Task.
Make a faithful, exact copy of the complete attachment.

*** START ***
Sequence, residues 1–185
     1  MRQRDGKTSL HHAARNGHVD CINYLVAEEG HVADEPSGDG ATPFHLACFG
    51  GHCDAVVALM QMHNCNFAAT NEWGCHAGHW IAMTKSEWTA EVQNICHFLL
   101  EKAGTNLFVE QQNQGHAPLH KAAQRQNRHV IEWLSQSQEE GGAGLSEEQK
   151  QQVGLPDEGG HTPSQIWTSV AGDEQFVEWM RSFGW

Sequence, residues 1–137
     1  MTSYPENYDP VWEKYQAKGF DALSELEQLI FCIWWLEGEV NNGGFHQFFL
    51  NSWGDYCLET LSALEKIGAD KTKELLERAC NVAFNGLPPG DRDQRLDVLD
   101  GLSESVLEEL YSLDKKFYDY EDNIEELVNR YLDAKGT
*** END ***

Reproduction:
Sequence, residues 1–185
     1  MRQRDGKTSL HHAARNGHVD CINYLVAEEG HVADEPSGDG ATPFHLACFG
    51  GHCDAVVALM QMHNCNFAAT NEWGCHAGHW IAMTKSEWTA EVQNICHFLL
   101  EKAGTNLFVE QQNQGHAPLH KAAQRQNRHV IEWLSQSQEE GGAGLSEEQK
   151  QQVGLPDEGG HTPSQIWTSV AGDEQFVEWM RSFGW

Sequence, residues 1–137
     1  MTSYPENYDP VWEKYQAKGF DALSELEQLI FCIWWLEGEV NNGGFHQFFL
    51  NSWGDYCLET LSALEKIGAD KTKELLERAC NVAFNGLPPG DRDQRLDVLD
   101  GLSESVLEEL YSLDKKFYDY EDNIEELVNR YLDAKGT